This era in history may be remembered as the "Peak Age", a brief time when nearly all materials used to power and create our society reach the maximum extraction and production potential. Past this point, all of these resources become increasingly difficult to extract until they are no longer economically viable resources to be using. There are hundreds of examples of resources, currently embedded in our industrial society, which have reached their peak in the 50 years surrounding 2010, but the one which will most impact our society is petroleum.

The goal of living for 100 days without oil is to understand the extent of our dependance on oil in American society today. Specifically, how it will affect my life, as a 25 year-oil living in Minneapolis, MN. By using myself as a metric I can take a close and conscious look at where oil dependance occurs in all aspects of our daily lives : How we transport ourselves from one place to another, what we eat, how much waste we create, how water is cleaned and transported, where oil is used as; an energy resource, in conventional medicine and for hygiene and how oil affects how we entertain ourselves and communicate with others. By demonstrating how someone would be forced to live without using any oil resources, outlining both what the sacrifices will be as well as the benefits, we can can identify the many systems which will have to be re-designed in a world without cheap oil, and explore a new way of living in which we live in an energy balance.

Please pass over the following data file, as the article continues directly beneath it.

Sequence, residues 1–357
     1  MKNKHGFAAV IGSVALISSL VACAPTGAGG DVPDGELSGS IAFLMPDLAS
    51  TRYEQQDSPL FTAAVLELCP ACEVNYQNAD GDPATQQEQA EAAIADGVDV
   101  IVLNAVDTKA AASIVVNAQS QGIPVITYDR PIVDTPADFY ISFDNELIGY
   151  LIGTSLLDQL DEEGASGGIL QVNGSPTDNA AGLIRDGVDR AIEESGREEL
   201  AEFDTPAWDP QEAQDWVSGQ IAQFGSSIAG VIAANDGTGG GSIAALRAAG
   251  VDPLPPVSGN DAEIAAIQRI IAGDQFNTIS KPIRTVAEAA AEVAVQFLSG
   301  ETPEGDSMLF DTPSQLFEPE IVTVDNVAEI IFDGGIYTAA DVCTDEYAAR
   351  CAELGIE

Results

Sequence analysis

(At the bottom of this page is a link to my version of a flow diagram of 'Where Petroleum Exists in Our Daily Lives' (using information from the Energy Information Administration-Annual Energy Review 2008 fig 5.0 Petroleum flow) click and zoom to enlarge)


Wednesday, April 13, 2011

MN MONTHLY

13 April, 2011

The May issue of Minnesota Monthly just came out and has a 2-page article featuring my project!  Thanks to Ellen Burkhardt for a well-done summary of my experience and the metrics that go along with it:


(click to enlarge)

Now for an update on my current efforts.  As I mentioned before, I've spent that last few months compiling my '100 days' experience into a 170 page document which is a much more complete description and analysis of the facts behind the issues I explored here as well as a series of design considerations presented as hypothetical solutions to many of the things I struggled with during the project.  Because the project was essentially exploring what systems exist in our current society to support a world post-cheap-oil, many of these design solutions focus on the urban form, while the others focus on the scale of our homes. 

I'm working on exploring publishing options at this point.  My desire is to make this information as available as possible to anyone who might be interested in exploring changed actions in their lives similar to those I explored.  The publication will be titled '100 Days Without Oil: Lessons learned from attempting to live in a resource balance.'  Please check back for more information about this soon!

On another front, I have been collaborating with a public policy student at the University of Minnesota to brainstorm how we can continue the work I began with this project at a larger, community scale.  While we are still generating ideas for how to carry this forward, our goals are to attack this problem from its two ends- both from the bottom up (as my project was) and from the top down (in environmental policy changes).  I'll continue to update on our efforts here!

1 comment:


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